Socio-economic inequality in South Africa is due to the institutionalised ideological mismatch regarding labour and economic policy
Economic growth is shaped by policy context and promoted most effectively when it is consistent with either liberal market or co-ordinated market ideal type varieties of Capitalism. Policy inconsistency dampers economic growth
post-apartheid South Africa attempted to adopt a social-democratic and co-ordinated variety of Capitalism. This failed due to the adoption of macro-economic neo-liberal policies. Organised labour protected labour market policies which lead to policy inconsistencies with regard to trade liberalisation. Trade liberalisation combined with labour market protection leads to unemployment. (Nattrass 2013, 56)
Insert some definitions
VoC approach highlights policy inconsistencies
There did exist the possibility of a post-apartheid political economy shaped by social accords/ tripartite negotiations, but the State preferred to act unilaterally with regard to macro-economic policy. Business was divided and preferred bilateral engagement with government. Organised labour has an ideological preference for managing capitalism through a developmental state tasked with promoting wage and productivity growth.
Economic growth has been slower in MME’s compared to either CME’s or LME’s
But Hall and Soskice have shown that government can create a win-win situation through institutional design. Firms gravitate towards strategies that take advantage of opportunities provided by institutions (2001:15)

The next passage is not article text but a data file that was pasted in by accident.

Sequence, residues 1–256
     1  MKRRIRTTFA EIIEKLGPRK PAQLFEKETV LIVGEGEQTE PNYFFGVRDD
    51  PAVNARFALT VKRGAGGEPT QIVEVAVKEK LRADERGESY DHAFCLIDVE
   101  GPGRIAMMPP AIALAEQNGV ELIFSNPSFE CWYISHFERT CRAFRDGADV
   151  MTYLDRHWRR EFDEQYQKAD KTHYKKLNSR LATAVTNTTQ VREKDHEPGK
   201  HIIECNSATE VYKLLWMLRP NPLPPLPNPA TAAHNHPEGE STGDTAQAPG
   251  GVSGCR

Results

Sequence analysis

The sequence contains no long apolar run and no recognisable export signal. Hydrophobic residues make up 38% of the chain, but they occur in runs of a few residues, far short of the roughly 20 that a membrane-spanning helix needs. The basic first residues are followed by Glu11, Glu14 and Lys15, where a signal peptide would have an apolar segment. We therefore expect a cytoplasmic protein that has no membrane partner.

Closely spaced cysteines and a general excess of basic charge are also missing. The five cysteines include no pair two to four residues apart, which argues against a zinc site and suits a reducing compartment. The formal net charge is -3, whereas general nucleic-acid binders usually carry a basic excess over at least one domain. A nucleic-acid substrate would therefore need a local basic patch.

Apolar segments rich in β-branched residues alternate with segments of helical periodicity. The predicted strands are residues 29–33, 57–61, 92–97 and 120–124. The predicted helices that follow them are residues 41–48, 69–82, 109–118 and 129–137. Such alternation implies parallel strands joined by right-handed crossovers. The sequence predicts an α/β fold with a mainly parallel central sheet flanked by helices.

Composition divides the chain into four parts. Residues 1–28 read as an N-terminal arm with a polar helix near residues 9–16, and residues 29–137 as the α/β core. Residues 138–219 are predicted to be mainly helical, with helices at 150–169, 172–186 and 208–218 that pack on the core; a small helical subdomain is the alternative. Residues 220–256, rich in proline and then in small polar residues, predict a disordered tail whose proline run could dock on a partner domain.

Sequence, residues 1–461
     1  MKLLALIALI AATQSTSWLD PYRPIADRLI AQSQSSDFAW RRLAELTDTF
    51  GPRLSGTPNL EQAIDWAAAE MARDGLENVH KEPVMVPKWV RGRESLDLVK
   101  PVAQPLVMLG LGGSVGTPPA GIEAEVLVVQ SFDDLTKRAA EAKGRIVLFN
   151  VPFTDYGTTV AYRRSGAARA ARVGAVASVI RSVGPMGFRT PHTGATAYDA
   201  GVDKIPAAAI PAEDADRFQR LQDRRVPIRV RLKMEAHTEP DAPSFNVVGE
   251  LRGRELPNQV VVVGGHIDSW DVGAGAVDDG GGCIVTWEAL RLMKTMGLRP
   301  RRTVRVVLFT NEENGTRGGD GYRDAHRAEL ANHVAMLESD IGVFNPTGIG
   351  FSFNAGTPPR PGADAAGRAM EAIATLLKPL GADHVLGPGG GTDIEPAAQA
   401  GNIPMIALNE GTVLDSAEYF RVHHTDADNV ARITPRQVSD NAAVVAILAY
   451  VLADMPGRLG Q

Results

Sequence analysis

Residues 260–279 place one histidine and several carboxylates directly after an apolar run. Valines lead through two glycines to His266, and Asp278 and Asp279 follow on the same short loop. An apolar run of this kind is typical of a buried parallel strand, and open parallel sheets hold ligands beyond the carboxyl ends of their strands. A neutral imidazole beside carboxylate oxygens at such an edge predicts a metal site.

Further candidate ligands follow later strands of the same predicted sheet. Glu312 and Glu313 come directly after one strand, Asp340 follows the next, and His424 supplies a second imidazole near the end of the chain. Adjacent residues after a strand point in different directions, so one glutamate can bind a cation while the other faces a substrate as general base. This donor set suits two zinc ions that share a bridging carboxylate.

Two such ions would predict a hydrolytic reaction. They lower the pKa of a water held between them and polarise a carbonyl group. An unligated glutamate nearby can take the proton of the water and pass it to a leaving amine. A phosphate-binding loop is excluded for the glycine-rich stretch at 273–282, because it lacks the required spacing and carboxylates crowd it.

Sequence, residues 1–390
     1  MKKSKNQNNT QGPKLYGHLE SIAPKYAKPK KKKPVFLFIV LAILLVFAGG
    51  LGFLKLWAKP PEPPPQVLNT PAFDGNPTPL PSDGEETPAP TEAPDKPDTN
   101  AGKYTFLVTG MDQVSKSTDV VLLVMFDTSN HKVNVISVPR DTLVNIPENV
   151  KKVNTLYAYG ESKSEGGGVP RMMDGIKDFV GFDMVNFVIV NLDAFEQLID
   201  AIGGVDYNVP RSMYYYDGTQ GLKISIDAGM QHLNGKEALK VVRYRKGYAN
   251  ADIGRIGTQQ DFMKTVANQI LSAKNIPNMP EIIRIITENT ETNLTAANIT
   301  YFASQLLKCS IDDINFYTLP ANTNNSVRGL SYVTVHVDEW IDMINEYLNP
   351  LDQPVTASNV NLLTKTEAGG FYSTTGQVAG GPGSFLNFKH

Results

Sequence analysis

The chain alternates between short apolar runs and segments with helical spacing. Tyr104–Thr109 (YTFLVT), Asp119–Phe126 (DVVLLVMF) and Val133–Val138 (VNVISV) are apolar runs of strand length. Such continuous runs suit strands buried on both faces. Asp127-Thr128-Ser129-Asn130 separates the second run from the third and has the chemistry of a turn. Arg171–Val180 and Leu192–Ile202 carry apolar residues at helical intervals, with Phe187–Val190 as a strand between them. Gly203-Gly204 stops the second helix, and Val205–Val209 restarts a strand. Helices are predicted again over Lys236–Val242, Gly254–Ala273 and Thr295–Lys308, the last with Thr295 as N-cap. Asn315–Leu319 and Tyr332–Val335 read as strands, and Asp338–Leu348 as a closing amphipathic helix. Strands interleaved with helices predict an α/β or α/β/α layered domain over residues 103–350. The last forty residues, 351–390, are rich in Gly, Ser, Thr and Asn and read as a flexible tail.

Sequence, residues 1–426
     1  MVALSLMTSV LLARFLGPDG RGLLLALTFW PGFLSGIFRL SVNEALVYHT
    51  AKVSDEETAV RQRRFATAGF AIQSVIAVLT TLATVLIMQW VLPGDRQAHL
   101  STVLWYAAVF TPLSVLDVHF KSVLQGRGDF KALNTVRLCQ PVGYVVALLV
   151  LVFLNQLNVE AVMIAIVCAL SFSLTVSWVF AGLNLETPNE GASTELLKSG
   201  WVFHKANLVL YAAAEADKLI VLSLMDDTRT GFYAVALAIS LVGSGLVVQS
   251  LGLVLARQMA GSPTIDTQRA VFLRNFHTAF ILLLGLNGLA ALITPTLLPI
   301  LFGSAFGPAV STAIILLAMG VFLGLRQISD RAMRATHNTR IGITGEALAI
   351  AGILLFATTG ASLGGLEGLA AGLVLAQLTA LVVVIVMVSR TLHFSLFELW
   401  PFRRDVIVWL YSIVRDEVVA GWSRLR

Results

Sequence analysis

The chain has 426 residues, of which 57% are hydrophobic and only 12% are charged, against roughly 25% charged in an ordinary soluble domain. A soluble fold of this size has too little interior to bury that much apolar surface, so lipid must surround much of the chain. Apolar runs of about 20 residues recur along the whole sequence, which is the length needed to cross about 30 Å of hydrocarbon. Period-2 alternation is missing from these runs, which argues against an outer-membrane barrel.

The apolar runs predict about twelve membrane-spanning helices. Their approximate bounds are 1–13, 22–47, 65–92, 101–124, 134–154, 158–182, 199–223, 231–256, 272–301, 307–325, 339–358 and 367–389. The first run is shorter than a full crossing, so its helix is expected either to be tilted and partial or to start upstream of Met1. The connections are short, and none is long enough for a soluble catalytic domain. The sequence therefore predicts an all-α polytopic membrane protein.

South Africa is like an LME as it has high levels of market capitalisation and inequality but labour regulations are coherent with that of CME, which makes it a MME with the accompanying problems of policy incoherence (Nattrass 2013, 59)
The initial CME approach was thwarted by the adoption of macro-economic policies and institutionalisation of BEE. Like a CME SA has social grants but no sustainable support system for the unemployed (Nattrass 2013, 62).
Unemployment is the key economic impasse, this means South Africa has different challenges than those that are in Eurocentric CME/LME paths to growth. In South Africa the divide is propelled by those with some work and those with no work. Creating jobs would aid the process of poverty alleviation and reducing inequality. However the trade Unions focus on protecting and increasing real wages.
Labour productivity is on the rise, this is good in terms of the economy because it means the economy is becoming more efficient. The negative side of rising labour-productivity for a labour surplus economy is that fewer jobs are being created for each additional unit of output
Unemployment in SA has historical roots Mining and Agriculture were major employers of unskilled labour (Mining and agri % GDP pre 94?), however during recent times the relative and overall contribution to employment has fallen. Manufacturing and service sectors expanded and there was a shortage of...